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As the initial June deadline for complying with the Sarbanes-Oxley Act nears, publicly traded companies across the United States are scurrying to deploy software packages that will put them in compliance.

Not surprisingly, IT departments view the act as an opportunity to show their impact on the company’s bottom line by helping forge tighter links between business processes and technology. However, the compliance process is turning out to be more costly and time-consuming than originally expected, and in many cases, according to at least one study, companies are not turning to their IT departments to manage compliance.

The law, officially known as the Public Company Accounting Reform and Investor Protection Act and enacted in July 2002, requires companies to make new disclosures on internal controls, ethics codes and the makeup of their audit committees on annual reports.

The act is better known by its nickname, after its co-sponsors, Sen. Paul Sarbanes, D-Md., and Rep. Michael Oxley, R-Ohio, who chair the House-Senate conference committee meeting on corporate accounting reform. The initial phase of the act focuses on Section 404, which requires companies to perform a self-assessment of risks for business processes that affect financial reporting.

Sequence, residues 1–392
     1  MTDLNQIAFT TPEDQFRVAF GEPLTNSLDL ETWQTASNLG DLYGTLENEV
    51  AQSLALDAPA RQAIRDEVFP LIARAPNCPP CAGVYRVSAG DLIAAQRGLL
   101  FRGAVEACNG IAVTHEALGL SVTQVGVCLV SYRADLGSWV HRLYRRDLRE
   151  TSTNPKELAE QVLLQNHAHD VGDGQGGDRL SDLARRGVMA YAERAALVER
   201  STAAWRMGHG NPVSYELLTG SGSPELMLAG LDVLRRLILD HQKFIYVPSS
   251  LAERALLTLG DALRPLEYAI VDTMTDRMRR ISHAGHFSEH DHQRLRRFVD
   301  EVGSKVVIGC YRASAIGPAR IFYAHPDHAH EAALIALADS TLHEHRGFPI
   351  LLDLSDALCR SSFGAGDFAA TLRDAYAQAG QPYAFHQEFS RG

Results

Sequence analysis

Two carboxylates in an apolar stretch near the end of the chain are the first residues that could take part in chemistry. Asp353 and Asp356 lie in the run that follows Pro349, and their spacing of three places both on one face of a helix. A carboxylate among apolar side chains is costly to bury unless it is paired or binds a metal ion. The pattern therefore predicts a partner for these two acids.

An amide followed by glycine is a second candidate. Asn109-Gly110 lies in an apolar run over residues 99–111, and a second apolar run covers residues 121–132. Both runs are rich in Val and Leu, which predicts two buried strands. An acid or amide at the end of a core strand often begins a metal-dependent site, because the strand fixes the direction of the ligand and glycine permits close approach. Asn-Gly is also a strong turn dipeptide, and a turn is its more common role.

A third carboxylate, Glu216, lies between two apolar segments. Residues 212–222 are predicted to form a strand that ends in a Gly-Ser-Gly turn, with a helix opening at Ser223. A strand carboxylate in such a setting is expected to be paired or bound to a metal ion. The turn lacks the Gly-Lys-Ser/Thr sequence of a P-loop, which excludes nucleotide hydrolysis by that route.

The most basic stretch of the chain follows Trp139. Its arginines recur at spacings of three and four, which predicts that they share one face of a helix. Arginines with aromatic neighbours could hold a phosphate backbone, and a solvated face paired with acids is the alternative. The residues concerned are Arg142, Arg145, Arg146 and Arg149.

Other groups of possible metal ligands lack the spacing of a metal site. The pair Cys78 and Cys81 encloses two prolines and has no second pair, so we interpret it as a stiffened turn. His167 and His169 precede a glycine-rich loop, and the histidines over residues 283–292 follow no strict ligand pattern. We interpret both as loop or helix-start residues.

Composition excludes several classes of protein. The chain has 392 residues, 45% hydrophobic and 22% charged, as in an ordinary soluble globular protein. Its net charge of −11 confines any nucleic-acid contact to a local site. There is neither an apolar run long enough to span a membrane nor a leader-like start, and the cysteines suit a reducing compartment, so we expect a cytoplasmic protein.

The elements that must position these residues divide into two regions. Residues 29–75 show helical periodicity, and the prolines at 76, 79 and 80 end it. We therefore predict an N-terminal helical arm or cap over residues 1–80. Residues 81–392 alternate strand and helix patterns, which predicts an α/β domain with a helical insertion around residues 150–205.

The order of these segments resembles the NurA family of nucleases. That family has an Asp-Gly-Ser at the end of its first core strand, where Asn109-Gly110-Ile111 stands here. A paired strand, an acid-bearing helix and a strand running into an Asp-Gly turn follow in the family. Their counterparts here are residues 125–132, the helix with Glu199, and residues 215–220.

Public companies with market capitalizations of $75 million or more must be in compliance with Section 404 for their fiscal year ending on or after June 15. Smaller companies have until the fiscal year ending on or after April 15, 2005, to comply.

But according to several large companies embroiled in the process, compliance isn’t turning out to be quick or cheap.

Tom Martin, audit operations manager for Boise Cascade Corp., in Boise, Idaho, estimates that his company will spend about $7 million a year on Sarbanes-Oxley compliance, including 20,000 auditor-hours this year, after recording 17,000 auditor-hours on Sarbanes-Oxley compliance last year.

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